Today, Yellowstone’s vigorous hydrothermal system circulates through a several-kilometers-thick cap of subsolid, fractured rhyolite above a shallow crustal reservoir (~10,000 km3 = or 10,000,000,000,000, ten trillion cubic-meter) of near-solidus magma mush containing 5%–32% or ~200–600 km3 (200 billion- 600 billion cubic meters) of rhyolitic melt and a near-solidus lower crustal reservoir (~46,000 km3, or 46 billion cubic meters) containing ~2% or ~900 km3, or 900 billion cubic meters of basaltic partial melt,; both are ultimately sustained by intrusion of maﬁc magma at a rate similar to the active Hawaiian hotspot.
The results of this study reveal that a sufﬁciently energetic rejuvenation of Yellow-stone’s shallow crystal-melt mush and/or hydro-thermally altered wall rock could lead to an effusive eruption within months.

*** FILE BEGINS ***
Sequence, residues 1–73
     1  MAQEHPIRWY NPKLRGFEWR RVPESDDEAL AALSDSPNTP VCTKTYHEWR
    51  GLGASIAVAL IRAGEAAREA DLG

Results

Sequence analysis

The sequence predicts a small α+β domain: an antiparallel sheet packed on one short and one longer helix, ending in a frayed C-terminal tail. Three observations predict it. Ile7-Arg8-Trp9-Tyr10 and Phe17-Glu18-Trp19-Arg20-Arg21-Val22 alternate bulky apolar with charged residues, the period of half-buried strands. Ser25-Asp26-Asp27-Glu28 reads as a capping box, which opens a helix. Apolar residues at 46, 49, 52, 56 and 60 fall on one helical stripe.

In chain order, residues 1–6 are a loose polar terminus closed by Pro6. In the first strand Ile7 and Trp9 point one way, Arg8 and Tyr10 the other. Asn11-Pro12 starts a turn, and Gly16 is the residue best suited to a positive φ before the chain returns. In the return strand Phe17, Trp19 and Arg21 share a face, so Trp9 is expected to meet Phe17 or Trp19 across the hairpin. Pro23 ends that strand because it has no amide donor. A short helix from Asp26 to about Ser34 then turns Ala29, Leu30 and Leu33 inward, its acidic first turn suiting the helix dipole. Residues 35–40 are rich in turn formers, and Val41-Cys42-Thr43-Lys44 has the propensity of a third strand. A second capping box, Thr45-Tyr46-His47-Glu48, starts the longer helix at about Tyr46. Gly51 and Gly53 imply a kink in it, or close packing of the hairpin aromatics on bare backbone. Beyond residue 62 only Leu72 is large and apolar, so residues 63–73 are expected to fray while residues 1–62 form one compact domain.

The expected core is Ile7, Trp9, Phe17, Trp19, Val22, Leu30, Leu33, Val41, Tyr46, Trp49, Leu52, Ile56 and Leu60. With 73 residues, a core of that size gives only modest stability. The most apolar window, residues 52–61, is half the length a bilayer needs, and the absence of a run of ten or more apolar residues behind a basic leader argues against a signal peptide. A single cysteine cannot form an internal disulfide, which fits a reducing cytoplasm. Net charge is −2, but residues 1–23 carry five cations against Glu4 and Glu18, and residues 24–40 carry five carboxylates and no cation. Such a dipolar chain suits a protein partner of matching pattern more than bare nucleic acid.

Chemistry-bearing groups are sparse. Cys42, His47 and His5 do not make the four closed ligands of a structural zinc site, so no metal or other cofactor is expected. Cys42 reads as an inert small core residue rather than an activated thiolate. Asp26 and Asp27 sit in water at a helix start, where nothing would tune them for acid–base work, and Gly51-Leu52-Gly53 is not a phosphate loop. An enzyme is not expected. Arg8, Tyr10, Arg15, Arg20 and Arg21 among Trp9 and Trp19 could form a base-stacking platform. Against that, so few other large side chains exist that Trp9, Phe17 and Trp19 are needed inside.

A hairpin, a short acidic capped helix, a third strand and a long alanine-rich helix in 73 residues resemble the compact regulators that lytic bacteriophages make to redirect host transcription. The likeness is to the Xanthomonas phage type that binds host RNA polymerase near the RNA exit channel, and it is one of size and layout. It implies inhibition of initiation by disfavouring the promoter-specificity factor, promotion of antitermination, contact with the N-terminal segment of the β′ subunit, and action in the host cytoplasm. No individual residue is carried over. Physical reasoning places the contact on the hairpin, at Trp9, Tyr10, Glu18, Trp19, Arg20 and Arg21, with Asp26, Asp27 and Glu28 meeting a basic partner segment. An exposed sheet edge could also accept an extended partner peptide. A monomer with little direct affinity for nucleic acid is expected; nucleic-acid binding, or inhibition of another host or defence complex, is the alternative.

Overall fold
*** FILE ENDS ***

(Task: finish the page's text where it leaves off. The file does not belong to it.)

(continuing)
Fortunately, any signiﬁcant rejuvenation of the reservoir is likely to be associated with deformation or seismicity and identiﬁable by geophysical monitoring (e.g., Fialko et al., 2001; Wicks et al., 2006)
Because ground deformation can change permeable pathways for heat, gas and hydrothermal fluids, patterns of documented ground deformation along the Yellowstone caldera’s northern rim are relevant when discussing the NGB hydrothermal system.
From 2004–2008, researchers documented rapid uplift of the resurgent Sour Creek Dome and northern caldera rim subsidence documented a subsidence rate of 3 cm/year in the Norris area between 2004 and 2006. Rates of subsidence slowed from 2006 to 2007 with 8 mm subsidence from September 2007 to September 2008 (Dzurisin et al., 2012). Dzurisin et al. (2012) state that “minor subsidence in the Norris area also seems to have stopped by the third quarter of 2009, as indicated by the CGPS station NRWY”
Other factors in a Supervolcano eruption